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Dreaming of an Irish Christmas

A great finish to your Christmas meal.

A great finish to your Christmas meal.

When it comes to Christmas meals, every family has traditions. For some, it’s a repeat of Thanksgiving: turkey, stuffing, cranberry sauce and green bean casserole. in other families, ham, rack of lamb, roast beef or even pasta takes center stage.

Here’s another tradition you might want to try: Celebrate an Irish Christmas.

Once upon a time, a traditional Irish dinner would have started with smoked fish, and moved on to roast goose with a potato stuffing, and maybe baked or boiled ham, says Margaret M. Johnson, celebrated author of “Tea & Crumpets,” an afternoon tea cookbook, and the forthcoming (September 2011) “Flavors of Ireland: Celebrating Grand Places and Glorious Food”. These days, she says, the Irish do celebrate more American-style: turkey with all the trimmings, cranberry sauce and all the rest.

But there are differences. Stuffing might be apple and black pudding, for example, or prepared with apricot, she says. “Tart ingredients are often mixed with bread and spices to counter the flavors of the poultry,” she says.

Of course, there’s no end to the ways the Irish can prepare spuds. Champ (mashed potatoes with scallions or chives) might find their way to the table, or colcannon (mashed potatoes with kale or cabbage). “You might also find garlic mash, fondant potatoes, or potato gratins with local Irish cheeses,” Johnson says.

Desserts might be a bit different, too. “Christmas cake and pudding are almost always included in the Christmas menu,” she says. “The cake is a traditional fruitcake where the fruit begins to ‘mature’ in whiskey for at least a month or more; Christmas pudding is a ‘steamed’ pudding, with the fruit ‘plumped up’ with Guinness or whiskey and served with brandy butter (hard sauce), and mince pie–originally dried fruit mixed with suet, but now maded with jarred mincemeat.”

Want to try your hand at replicating Irish Christmas traditions? Try these dessert recipes by Margaret Johnson. File one of these–Christmas Cake–away for next year. It takes several weeks. But two other desserts can be made with far less preparation. Here they are in her own words:

Traditionally, the biggest and most important festival in the Christian calendar is Christmas, and nowhere is it greeted with more enthusiasm than in Ireland. The spiritual preparation begins with Advent, but the practical preparation begins as early as late October when Christmas cakes, puddings, and mincemeat start to be made and readied for the season.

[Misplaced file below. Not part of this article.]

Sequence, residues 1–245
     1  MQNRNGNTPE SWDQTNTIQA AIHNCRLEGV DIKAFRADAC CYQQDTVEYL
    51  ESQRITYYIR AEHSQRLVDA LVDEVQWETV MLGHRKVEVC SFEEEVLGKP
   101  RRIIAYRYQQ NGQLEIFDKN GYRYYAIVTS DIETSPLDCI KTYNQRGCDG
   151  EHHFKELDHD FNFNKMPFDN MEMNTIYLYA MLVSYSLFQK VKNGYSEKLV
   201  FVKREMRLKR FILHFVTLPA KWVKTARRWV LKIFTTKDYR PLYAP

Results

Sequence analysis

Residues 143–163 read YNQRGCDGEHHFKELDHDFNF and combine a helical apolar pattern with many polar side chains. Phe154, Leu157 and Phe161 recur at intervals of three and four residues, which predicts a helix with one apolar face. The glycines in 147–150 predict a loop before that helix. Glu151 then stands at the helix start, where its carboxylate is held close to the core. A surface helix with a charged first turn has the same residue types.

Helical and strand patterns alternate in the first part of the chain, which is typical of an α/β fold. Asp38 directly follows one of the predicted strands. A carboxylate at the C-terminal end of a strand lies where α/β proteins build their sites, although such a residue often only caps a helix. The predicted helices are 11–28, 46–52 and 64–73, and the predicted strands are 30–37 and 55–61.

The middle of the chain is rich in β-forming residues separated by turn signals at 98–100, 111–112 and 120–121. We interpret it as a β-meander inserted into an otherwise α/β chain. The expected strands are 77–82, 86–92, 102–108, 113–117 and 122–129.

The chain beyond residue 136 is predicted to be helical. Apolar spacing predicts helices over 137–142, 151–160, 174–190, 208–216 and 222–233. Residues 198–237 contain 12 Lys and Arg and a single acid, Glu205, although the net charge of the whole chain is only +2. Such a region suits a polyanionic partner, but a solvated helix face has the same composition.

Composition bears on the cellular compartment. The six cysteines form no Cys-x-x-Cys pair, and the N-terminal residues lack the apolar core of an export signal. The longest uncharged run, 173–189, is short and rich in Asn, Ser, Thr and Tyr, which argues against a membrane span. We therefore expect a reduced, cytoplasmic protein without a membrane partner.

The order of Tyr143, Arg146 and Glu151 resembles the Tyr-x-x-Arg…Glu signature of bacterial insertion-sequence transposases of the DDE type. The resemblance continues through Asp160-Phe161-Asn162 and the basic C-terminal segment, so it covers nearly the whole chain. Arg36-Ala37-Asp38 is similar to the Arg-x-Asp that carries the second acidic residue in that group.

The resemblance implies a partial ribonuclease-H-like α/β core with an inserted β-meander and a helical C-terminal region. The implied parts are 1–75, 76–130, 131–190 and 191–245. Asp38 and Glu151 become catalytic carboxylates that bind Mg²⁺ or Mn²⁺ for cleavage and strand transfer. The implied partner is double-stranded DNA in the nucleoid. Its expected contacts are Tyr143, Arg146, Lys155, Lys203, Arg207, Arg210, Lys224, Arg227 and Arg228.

A well-known chronicler of tales of rural Ireland, Alice Taylor says that Christmas was the highlight of the year—“a time of great expectations which climaxed with Christmas Eve and Christmas Day, and then the Wren Day (December 26) brought a burst of color and music into the quiet countryside.” In her book The Night Before Christmas, she says, “The thought of the variety that Christmas would bring filled us with great anticipation. Lemonade, sweet cake, and chocolates in our home at that time were like manna in the desert.” 

These three Christmas treats are the most popular. (Recipes from Margaret M. Johnson’s Puddings, Tarts, Crumbles and Fools, Chronicle Books, 2004)

Irish Whiskey Christmas Cake

This is the “Great Irish Cake,” the traditional pièce de résistance into which every Irish cook sinks her reputation. Spiced, sweet desserts like this cake have been a part of Irish holiday celebrations for centuries and were highly prized because they included spices and dried fruits that were once difficult and expensive to obtain.

The traditional topping for the cake is a layer of almond paste and Royal Icing.

2 cups dried currants
2 cups golden raisins
1 cup dark raisins
2 ounces candied cherries
2 ounces candied mixed citrus peel
Grated zest and juice of 1 lemon
2/3 cup chopped almonds
1 1/2 teaspoon mixed spice or pumpkin pie spice
1/2 teaspoon ground nutmeg
1 cup Irish whiskey
1 cup (8 ounces) Kerrygold Irish butter, at room temperature
1 cup soft brown sugar
5 large eggs
2 cup all-purpose flour, sifted
1 egg white, beaten until frothy, for brushing
One 7-ounce package almond paste, such as Odense brand

Royal Icing

2 large egg whites
4 cups confectioners’ sugar
2 tablespoons fresh lemon juice
Holly sprigs for decoration (optional)

The day before baking (and several weeks before serving), combine all the dried and candied fruit, peel, zest and juice, almonds, and spices in a large bowl with 1/2 cup of the whiskey. Cover and let stand at room temperature overnight.

Preheat the oven to 275° F. Butter a 9-inch round spring form pan and line the bottom with a round of parchment or waxed paper. In a large bowl, beat the butter and brown sugar with an electric mixer until light and fluffy. Add the eggs, one at a time, beating in each thoroughly and adding some of the flour with each egg. Fold in the remaining flour, and mix in the soaked fruit one half at a time. Pour the batter into the prepared pan. Bake for 2 to 2 1/2 hours, or until the top is firm to the touch and a skewer inserted into the center comes out clean.